Inevitable-Misappropriation Doctrine Law and Legal Definition
Inevitable-Misappropriation Doctrine is a legal principle based on the concept that an employee once hired by a competitor, cannot avoid misappropriating the former employer's trade secrets. In such situations, former employer can get an injunction restraining the employee from taking that job or preventing the new employer from hiring the employee, provided former employer should prove that the former employee has confidential information and will not be able to avoid using that knowledge to unfairly compete against the former employer. However this doctrine has been rejected by most courts. Leading case on the doctrine is PepsiCo, Inc. v. Redmond, 54 F.3d 1262 (7th Cir. Ill. 1995), where the court held a plaintiff may prove a claim of trade secret misappropriation by demonstrating that defendant's new employment will inevitably lead him to rely on the plaintiff's trade secrets. The mere fact that a person assumed a similar position at a competitor does not, without more, make it inevitable that he will use or disclose trade secret information so as to demonstrate irreparable injury.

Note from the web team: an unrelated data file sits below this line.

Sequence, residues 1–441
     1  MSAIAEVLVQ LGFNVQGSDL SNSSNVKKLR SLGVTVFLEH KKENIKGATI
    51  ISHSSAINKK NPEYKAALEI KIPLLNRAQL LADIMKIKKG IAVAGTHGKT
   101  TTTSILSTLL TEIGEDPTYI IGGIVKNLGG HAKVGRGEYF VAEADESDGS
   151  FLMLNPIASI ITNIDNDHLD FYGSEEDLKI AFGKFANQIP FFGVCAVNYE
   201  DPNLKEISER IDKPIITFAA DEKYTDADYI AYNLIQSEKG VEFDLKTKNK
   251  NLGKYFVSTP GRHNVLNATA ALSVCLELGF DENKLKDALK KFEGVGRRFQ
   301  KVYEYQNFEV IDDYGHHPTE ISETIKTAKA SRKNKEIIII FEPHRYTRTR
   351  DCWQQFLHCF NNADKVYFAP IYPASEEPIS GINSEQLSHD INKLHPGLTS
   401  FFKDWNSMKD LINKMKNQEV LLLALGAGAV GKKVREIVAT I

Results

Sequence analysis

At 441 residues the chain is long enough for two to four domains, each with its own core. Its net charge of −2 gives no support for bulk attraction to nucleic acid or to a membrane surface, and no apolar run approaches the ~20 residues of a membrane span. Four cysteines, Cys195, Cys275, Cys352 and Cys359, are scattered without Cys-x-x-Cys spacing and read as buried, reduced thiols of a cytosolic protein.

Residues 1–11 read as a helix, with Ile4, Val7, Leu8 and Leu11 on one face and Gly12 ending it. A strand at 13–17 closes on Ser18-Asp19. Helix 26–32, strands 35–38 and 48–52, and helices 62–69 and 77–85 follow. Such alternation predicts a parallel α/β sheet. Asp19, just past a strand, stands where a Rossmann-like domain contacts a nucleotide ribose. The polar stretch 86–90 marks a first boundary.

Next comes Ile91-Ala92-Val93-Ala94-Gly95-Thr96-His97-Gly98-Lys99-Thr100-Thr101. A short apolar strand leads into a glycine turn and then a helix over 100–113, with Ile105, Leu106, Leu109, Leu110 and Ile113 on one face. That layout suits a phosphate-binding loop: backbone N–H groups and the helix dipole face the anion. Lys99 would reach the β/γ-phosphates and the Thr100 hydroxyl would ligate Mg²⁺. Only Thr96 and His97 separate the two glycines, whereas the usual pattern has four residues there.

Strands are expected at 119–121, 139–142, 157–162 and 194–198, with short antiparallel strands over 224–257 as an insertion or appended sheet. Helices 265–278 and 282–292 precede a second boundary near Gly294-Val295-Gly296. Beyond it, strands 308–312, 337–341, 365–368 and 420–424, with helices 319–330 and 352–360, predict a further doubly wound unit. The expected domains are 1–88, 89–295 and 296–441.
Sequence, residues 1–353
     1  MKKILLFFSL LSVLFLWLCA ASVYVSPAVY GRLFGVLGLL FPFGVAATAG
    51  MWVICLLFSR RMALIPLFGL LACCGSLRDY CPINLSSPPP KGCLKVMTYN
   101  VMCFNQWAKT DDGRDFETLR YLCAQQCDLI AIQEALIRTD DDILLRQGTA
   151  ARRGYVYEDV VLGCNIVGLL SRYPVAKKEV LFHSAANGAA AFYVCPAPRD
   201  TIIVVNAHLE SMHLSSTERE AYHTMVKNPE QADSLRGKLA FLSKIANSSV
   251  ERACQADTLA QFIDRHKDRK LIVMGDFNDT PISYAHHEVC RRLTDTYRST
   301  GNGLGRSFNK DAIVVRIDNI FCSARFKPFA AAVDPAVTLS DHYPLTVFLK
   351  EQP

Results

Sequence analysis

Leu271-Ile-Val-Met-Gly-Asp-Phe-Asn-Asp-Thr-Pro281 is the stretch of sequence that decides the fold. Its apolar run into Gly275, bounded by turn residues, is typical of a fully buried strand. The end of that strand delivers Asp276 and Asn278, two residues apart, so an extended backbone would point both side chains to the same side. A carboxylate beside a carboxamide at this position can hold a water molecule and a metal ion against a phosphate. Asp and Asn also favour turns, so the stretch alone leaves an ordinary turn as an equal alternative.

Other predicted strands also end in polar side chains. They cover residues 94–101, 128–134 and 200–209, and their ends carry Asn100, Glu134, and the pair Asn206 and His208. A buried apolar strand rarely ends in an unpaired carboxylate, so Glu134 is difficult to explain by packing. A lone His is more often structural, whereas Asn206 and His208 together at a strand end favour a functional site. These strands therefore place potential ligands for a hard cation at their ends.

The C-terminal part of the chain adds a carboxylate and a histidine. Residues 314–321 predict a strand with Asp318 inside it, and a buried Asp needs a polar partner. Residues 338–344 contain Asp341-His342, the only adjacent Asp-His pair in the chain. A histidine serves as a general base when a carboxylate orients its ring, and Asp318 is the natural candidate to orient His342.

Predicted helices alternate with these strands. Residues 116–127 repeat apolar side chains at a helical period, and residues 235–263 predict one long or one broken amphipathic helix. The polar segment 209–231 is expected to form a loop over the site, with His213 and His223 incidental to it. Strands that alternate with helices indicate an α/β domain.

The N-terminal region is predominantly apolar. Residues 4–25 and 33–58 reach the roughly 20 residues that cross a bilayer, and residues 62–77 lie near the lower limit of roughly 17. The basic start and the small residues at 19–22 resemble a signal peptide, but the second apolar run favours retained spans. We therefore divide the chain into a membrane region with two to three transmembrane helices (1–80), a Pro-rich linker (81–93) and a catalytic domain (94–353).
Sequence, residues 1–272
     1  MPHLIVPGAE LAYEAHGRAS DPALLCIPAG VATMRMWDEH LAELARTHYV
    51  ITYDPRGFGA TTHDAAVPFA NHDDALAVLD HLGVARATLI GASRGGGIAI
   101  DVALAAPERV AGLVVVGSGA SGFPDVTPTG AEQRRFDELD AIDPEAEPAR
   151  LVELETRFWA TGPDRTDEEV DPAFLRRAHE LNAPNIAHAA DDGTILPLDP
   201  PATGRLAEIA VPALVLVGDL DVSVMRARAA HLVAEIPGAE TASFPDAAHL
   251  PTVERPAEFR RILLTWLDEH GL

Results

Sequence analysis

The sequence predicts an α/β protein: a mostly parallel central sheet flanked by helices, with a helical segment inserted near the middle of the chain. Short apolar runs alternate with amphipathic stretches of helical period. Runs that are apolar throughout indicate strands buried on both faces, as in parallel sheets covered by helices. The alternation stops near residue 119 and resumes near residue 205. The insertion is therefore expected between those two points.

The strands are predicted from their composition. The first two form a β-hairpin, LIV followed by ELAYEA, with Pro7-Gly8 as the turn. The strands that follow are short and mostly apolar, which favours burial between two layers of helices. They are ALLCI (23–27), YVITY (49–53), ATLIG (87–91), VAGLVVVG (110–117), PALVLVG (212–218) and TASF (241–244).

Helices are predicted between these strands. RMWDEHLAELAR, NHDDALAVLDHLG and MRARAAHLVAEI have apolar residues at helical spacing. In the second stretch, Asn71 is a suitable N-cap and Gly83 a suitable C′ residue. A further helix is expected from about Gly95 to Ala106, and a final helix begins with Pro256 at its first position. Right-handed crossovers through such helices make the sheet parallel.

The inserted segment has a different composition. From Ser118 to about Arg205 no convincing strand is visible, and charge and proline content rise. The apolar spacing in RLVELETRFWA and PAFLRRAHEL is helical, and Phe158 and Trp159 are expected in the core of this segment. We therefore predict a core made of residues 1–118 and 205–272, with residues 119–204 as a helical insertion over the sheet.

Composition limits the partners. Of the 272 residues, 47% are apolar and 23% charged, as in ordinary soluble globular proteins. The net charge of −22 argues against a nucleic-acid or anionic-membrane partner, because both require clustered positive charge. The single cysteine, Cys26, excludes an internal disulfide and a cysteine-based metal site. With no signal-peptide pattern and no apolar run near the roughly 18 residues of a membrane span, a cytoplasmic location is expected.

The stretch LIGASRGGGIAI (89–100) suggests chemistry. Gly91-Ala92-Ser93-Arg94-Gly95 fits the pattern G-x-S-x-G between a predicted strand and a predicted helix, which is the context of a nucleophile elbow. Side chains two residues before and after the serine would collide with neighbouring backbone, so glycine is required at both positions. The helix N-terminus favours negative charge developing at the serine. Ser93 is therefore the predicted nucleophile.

Inevitable-Misappropriation Doctrine is also known as inevitable-disclosure doctrine or inevitability doctrine.